The first exception is, because the Judge permitted the officer who had the prisoner in custody to testify, that he made the prisoner put his foot in the tracks found in the prosecutor’s field, and that his foot fitted the tracks perfectly. It is argued that making the prisoner put his foot in the track was procuring evidence by duress, and the case of State v. Jacobs. 5 Jones, 259, is cited.
The object of all evidence is to elicit the truth. Confessions which are not voluntary, but are made either under the fear of punishment if they are not made, or in the hope of escaping punishment if they are made, are not received as evidence, because experience shows that they are liable to be influenced by those motives, and cannot be relied on as guides to the truth. But this objection will not apply to evidence of the sort before us. No fears or hopes of the prisoner could produce the resemblance of his tract to that found in the corn field. This resemblance was a fact calculated to aid the jury and fit for their consideration.
Evidence of this sort is called by the civilians “ real evidence,” is always admissible and is of greater or less value according to the circumstances. In Best on Evidence, sec. 183, the following instances of its value are given. “In a case of burglary, where the thief gained admittance into the house by opening the window with a, pen knife, which was broken in the attempt, and a part of the blade left sticking in the window frame, a broken knife, the fragment of which corresponded with that in the frame, was found in the pocket of the prisoner. So where a man was found killed by a pistol, *648the wadding in the wound consisted of a part of a printed paper, the corresponding part of which was found in the pocket of the prisoner. In another case of murder, a patch on one knee of the prisoner’s breeches corresponded with an impression found on the soil, close to the place where the murdered body lay. In a case of robbery, the prosecutor when attacked struck the robber on the face with a key, and a mark of a key with corresponding wards was visible on the face of the prisoner,” &c. Similar instances might be cited indefinitely. The exception however is that the officer made the prisoner put his foot in the track in order to test the resemblance. It has been seen that this could not alter the fact of the resemblance, which is the only matter that would have weight as evidence. It has been often held, that if a person under duress confesses to having stolen goods and deposited them in a certain place, although his confession of the theft will be rejected, yet evidence that he stated where the goods were, will be received, provided the goods were found at the place described, Reg. v. Gould, 9 C. & P. 364; Duffy v. People, 25 N. Y. 588; White v. State, 3 Heisk. 338; Selidge v. State, 30 Tex. 60.
The facts of the goods being found in the place described, proves that he knew they were there, and this knowledge is a fact bearing on the question of his guilt, to which the jury is entitled. An officer who arrests a prisoner has a right to take any property Avhich he has about him, which is connected with the crime charged, or which may be required as evidence. Roscoe Cr. Ev. 211; R. v. O'Donnell, 7 C. & B. 138 (32 E. C. L. R.); R. v. Kinsey, Id. 447, R. v. Burgess, Id. 488; R. v. Rooney, Id. 515.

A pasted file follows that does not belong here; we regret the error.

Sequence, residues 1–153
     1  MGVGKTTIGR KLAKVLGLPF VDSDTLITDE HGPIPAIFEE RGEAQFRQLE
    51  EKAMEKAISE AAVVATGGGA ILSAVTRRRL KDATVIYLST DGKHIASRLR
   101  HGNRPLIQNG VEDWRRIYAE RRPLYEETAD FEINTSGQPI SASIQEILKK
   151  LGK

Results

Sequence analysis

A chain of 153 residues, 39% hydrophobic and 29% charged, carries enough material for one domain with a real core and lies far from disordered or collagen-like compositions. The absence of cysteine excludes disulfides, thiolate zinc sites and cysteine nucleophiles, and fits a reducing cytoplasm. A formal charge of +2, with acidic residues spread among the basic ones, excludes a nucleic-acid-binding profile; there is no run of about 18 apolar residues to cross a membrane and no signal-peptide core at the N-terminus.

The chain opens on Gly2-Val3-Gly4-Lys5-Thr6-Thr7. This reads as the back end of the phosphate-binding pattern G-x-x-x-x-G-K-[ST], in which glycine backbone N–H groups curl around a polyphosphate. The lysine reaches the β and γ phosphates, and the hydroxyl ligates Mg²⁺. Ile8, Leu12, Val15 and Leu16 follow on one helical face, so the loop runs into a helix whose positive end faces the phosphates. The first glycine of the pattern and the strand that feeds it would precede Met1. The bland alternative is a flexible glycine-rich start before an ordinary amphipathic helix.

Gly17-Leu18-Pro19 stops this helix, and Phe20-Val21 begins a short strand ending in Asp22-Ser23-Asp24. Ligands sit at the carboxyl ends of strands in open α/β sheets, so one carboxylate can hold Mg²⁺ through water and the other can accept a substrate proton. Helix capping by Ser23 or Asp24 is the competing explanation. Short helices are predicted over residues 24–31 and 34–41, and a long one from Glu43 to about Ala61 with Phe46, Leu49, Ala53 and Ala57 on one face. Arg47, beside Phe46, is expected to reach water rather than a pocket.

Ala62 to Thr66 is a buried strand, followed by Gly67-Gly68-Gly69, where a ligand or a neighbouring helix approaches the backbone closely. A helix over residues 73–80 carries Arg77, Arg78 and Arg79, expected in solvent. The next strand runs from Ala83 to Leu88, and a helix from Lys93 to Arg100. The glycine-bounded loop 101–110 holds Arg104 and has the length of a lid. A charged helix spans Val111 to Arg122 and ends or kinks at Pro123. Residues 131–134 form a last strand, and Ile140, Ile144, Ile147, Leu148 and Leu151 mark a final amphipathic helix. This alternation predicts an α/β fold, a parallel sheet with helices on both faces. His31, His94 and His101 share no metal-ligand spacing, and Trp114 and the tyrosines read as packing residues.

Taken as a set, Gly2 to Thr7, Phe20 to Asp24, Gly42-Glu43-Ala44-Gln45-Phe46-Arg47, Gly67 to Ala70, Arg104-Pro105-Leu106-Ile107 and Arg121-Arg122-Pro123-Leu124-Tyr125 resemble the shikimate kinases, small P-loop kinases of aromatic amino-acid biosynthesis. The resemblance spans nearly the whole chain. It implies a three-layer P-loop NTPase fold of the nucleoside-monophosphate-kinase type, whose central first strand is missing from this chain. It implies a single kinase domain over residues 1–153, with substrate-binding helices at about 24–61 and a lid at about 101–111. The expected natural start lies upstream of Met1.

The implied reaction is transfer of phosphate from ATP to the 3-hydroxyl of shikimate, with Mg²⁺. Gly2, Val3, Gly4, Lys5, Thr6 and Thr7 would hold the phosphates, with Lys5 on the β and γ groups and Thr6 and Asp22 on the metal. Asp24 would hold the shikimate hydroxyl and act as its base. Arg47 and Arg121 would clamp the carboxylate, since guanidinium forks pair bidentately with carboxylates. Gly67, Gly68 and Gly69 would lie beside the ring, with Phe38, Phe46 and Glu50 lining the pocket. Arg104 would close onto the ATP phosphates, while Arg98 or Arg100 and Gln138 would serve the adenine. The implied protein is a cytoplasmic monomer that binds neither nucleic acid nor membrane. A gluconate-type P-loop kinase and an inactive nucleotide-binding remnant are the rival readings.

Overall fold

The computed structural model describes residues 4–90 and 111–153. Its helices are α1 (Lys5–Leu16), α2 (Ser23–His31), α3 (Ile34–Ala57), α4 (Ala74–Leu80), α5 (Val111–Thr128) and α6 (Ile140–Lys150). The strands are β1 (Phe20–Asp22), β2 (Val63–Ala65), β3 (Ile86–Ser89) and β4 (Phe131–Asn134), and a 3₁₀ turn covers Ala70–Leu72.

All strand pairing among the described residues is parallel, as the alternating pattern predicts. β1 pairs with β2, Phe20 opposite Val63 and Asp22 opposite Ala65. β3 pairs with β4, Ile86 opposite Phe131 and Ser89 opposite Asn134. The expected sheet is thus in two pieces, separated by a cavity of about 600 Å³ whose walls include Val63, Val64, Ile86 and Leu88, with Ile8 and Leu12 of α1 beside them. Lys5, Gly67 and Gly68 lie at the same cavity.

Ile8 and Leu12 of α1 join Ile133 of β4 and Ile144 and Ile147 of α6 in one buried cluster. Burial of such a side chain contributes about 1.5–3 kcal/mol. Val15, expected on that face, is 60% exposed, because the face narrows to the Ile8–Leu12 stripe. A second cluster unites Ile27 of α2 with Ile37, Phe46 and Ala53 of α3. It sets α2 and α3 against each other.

If an officer who arrests one charged with an offence, had no right to make the prisoner show the contents of his pocket, how could the broken knife, or the fragment of paper corresponding with the wadding, have been found ? If when a prisoner is arrested for passing counterfeit money, the con*649tents of Ms pockets are sacred from search, how can it ever appear whether or not he has on his person, a large number of similar bills, which if proved is certainly evidence of the scienter ? If an officer sees a pistol projecting from the pocket of a prisoner arrested for a fresh murder, may he not take out the pistol against the prisoner’s consent, to see whether it appears to have been recently discharged? Suppose it be a question as to the identity of the prisoner, whether a person whom a witness says he saw commit a murder, and the pris oner appears in court with a veil or a mask over his face : May not the court order its removal in order that the witness may say whether or not he was the person whom he saw commit the crime ?
Would the robber whose face was marked with the wards of a key have been allowed to conceal his identity by wearing a mask during his trial ?
We conceive that these questions admit of but one answer, and that is one consistent with the general practice.
We concur with the Judge below, that the officer had a right to take off the boots or shoes of the prisoner and com pare them with the tracks in the corn field. And we also agree with him in the opinion that when the prisoner, upon being required by the officer to put his foot in the tract, did so, the officer might properly testify as to the result of the comparison thus made. It is unnecessary to say whether or not the officer might have compelled the prisoner to put his foot in the tracks if he had persisted in refusing to do so. The refusal and the result of the comparison made by the officer between the track and the prisoner’s shoe would have been competent.
There is no error. Judgment affirmed. Let this opinion be certified.
Pbb Curiam. Judgment affirmed.